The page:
Powering Strong Communities

Report Outlines Potential, Challenges of Clean Energy Microgrids

Clean energy microgrids can provide an opportunity to both enhance resiliency and decrease greenhouse emissions, according to a report by the National Association of Regulatory Utility Commissioners and the National Association of State Energy Officials.

The report, Clean Energy Microgrids: Considerations for State Energy Offices and Public Utility Commissions to Increase Resilience, Reduce Emissions, and Improve Affordability, outlines the benefits and challenges of clean energy microgrids and offers economic and cost considerations for clean energy microgrid development.

The report examines the necessary technological components of a clean energy microgrid and highlights current and future clean technologies that are becoming more cost effective and competitive.

“The NASEO-NARUC Clean Energy Microgrids guide offers states actionable policy and regulatory considerations to facilitate construction of clean energy microgrids by local governments, state institutions, mission-critical facilities and businesses,” David Terry, president of NASEO, said in a statement.

The report also includes policy and regulatory considerations for state energy offices and public utility commissions to assist in the deployment of clean energy microgrids.

As of year-end 2022, 687 microgrid sites with a capacity of 4,357 megawatts were installed across the United States. Most of the installations, 257, are in Texas followed by California, with 91, and New York with 68, according to a Department of Energy database cited in the report. New York leads in installed microgrid capacity with 662.5 MW installed. Texas is second with 645.6 MW installed, and California is third with 442.5 MW, according to the database.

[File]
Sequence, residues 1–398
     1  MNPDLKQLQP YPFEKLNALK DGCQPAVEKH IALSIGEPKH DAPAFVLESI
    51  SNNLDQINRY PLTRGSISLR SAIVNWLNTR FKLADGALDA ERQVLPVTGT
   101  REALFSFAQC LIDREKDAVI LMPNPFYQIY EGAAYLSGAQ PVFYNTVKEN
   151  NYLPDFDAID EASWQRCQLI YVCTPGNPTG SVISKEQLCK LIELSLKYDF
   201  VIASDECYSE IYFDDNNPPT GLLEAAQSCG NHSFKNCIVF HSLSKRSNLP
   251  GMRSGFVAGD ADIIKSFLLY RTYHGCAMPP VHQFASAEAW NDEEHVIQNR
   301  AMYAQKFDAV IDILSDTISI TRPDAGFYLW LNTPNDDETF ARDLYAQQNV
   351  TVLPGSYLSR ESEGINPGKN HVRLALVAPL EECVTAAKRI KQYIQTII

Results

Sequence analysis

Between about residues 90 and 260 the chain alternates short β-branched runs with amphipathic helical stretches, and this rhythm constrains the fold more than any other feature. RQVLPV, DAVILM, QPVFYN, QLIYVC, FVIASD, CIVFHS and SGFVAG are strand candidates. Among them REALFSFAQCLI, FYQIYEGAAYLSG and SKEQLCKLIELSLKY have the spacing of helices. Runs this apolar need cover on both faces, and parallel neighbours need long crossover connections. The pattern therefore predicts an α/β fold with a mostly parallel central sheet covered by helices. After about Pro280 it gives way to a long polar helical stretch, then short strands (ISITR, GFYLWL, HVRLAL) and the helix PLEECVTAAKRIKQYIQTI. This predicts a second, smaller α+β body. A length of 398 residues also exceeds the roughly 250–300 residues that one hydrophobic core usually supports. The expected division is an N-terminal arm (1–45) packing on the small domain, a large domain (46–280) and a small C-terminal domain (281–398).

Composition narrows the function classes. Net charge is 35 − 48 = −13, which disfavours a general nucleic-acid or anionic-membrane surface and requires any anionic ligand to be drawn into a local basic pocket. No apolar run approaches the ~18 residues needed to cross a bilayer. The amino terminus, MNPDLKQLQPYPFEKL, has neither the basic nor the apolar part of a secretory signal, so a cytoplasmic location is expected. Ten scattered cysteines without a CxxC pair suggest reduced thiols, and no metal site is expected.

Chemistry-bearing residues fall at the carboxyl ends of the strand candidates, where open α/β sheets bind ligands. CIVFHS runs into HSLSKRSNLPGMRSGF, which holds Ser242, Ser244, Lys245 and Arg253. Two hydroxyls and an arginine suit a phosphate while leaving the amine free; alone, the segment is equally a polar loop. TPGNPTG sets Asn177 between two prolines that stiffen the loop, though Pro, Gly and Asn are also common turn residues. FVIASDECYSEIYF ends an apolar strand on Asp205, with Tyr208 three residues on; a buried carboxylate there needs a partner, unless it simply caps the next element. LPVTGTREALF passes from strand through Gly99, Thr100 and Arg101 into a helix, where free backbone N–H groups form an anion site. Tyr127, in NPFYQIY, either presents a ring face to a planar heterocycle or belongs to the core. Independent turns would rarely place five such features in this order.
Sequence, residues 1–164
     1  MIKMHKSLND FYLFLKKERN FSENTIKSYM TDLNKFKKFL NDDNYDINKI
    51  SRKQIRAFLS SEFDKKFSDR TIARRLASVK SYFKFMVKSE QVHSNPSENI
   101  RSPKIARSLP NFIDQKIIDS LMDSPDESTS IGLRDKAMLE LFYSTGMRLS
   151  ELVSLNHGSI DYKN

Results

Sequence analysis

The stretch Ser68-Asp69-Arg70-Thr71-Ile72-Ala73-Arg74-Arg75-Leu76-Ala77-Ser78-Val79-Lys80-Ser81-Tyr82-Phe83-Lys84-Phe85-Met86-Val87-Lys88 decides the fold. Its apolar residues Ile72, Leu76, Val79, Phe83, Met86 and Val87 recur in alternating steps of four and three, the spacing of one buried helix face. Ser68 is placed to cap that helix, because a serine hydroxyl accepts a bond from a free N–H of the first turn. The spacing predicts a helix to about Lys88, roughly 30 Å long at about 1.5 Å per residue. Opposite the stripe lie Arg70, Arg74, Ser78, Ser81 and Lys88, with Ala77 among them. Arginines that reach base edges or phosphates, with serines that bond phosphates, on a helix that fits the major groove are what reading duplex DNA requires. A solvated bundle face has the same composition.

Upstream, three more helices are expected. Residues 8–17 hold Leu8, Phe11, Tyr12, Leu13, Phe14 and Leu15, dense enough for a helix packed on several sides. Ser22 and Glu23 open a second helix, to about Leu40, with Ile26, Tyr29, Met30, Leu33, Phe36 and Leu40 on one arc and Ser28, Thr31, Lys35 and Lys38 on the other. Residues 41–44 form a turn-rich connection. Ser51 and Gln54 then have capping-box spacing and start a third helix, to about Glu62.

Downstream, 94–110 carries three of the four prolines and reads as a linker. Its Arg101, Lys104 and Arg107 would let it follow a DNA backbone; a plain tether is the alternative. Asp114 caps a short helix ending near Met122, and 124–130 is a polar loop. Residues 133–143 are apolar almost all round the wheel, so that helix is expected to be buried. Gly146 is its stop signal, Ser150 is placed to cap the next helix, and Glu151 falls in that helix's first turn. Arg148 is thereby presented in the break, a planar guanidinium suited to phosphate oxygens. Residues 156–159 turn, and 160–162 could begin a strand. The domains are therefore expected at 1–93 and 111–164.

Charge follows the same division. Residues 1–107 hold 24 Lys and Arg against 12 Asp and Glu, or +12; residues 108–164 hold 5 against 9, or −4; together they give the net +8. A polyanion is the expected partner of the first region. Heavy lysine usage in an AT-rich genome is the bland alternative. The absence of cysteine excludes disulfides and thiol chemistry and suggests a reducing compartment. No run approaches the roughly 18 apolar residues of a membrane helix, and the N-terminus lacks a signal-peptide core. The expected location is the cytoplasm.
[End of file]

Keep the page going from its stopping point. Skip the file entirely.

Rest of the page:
The most prevalent technology for powering a microgrid is a combined heat and power plant, which accounts for more than 50 percent of all microgrids. Non-CHP combustion plants represent about 30 percent of total microgrid installations. Solar, wind, and hydro generation comprise less than 10 percent of installed microgrids.

In 2020, diesel and natural gas each accounted for 40 percent of the primary fuel of microgrids, which is higher than the 60 percent of fossil fuels powering the electricity sector.

However, the report noted that analysts predict that by 2025 wind, solar, hydropower, and energy storage will represent 35 percent of annual installed microgrid capacity, an increase the authors attribute to an increase in federal and state policies encouraging clean energy development, private sector investment in projects that provide a resilience value, lower costs, and increased funding streams.

“Over the past decade, State Energy Offices have partnered with energy providers, local governments, and utilities to develop microgrid roadmaps and facilitate microgrid installations that enhance resilience and reduce emissions,” Terry said.

Although challenges such as costs and technological limitations remain, State Energy Offices and public utility commissions have several pathways to support the deployment of clean energy microgrids, such as tariffs, incentives, grants, and the expansion of renewable portfolio standards and clean energy standards, the report said.